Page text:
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All-in-One computers aren't traditionally known for offering gaming-grade processing power. Their cramped internal space provides less flexibility compared to a traditional desktop and that often means compromising with lower end components. This tradeoff between size and performance isn't for everyone, but there certainly are many cases where an AIO is the perfect solution.
The Apple iMac dominated the AIO scene for years with a stunning design and beautiful display, but there are now a number of great options on the Windows side, and the amount of performance you can squeeze into the back of a monitor has increased considerably, too.
Today I'll be checking out the IdeaCentre Y910 Gaming AIO from Lenovo. Available in two different models, it promises top-of-the-line gaming performance in a compact form factor.
The base $1,800 model packs a Core i5-6500 processor, GeForce GTX 1070 8GB GPU, 12GB of DDR4 2133MHz RAM, a 1TB HDD, and a 128GB PCIe SSD. The higher end model that I'll be checking out today comes with a Core i7-6700 processor, a GTX 1080 8GB GPU, 16GB of DDR4 2133MHz RAM, a 2TB HDD, and finally a 256GB PCIe SSD.
With a base price of $1800, the Y910 isn't exactly the most affordable option for budget-conscious gamers, an additional GTX 1060 model with 8GB of RAM could be added to the lineup, but regardless, this is one powerful AIO for sure, especially thanks to the Pascal graphics inside.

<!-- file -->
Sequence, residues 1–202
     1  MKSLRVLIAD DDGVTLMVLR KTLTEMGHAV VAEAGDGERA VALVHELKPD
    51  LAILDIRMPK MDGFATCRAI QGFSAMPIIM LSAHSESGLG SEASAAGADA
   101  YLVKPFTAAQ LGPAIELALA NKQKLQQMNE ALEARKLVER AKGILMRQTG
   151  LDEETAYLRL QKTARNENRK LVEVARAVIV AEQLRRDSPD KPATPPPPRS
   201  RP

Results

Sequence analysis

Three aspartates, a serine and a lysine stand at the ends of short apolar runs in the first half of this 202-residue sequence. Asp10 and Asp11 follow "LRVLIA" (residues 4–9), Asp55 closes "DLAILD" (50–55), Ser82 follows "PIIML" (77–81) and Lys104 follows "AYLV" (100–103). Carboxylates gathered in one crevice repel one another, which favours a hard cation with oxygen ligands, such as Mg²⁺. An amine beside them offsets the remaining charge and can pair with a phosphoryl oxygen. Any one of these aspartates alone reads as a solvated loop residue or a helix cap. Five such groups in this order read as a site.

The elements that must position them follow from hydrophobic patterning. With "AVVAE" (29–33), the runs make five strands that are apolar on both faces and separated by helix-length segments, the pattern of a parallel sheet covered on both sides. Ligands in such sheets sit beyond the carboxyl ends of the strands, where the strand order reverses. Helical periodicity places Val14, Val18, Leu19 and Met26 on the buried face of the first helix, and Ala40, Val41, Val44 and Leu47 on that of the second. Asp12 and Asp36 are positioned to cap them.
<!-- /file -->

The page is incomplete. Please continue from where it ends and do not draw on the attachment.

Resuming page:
The first thing that struck me when I unpacked the Y910 was how thin the bezels are. Lenovo has managed to cram all of the display processing circuitry into the base of the monitor, removing virtually all of the other three bezels. The construction at first glance is nice and appears high quality. There are silver and red accents on the base of the unit that also serve as the Y910's built in speaker system.
From the front, the Y910 looks just like a standard 27" monitor. The back is wedge shaped with two distinct and removable rear panels. To save on space, Lenovo has opted to turn the monitor stand into the actual power supply, negating the need for an external power brick since everything is built right in. Given the power needs of the internal components, I think this was a really good idea.
The I/O panel is split into two layouts. On the rear and towards the bottom we find an HDMI in, HDMI out, two USB2.0 ports, a gigabit network jack powered by Killer, and the standard AC power plug.
The inclusion of a video output here allows for a second auxiliary monitor, while the HDMI in port allows for the Y910 to be used as a standalone monitor. If you outgrow the performance or just want to plug in another media device, you can still take advantage of the 27-inch, 144Hz 2650x1440 monitor.
On the user's right side is the second set of ports. From top to bottom we have two USB 3.0 ports, an SD card reader, a headset jack, a microphone input, two more USB 3.0 ports (one with fast charging support) and finally a slim CD drive. Lenovo offers a decent array of ports but in place of the outdated optical drive I'd rather see more audio options such as an optical out or line out for speakers.
Given the AIO has either a GTX 1070 or GTX 1080, a second DisplayPort video output would have been good, too. This would allow for a triple monitor surround setup to take advantage of all that GPU power. Putting most of the connectors on the side isn't the best for cable management if you need more than the two USB ports so I would put that as another area for improvement.
Internal Hardware and Peripherals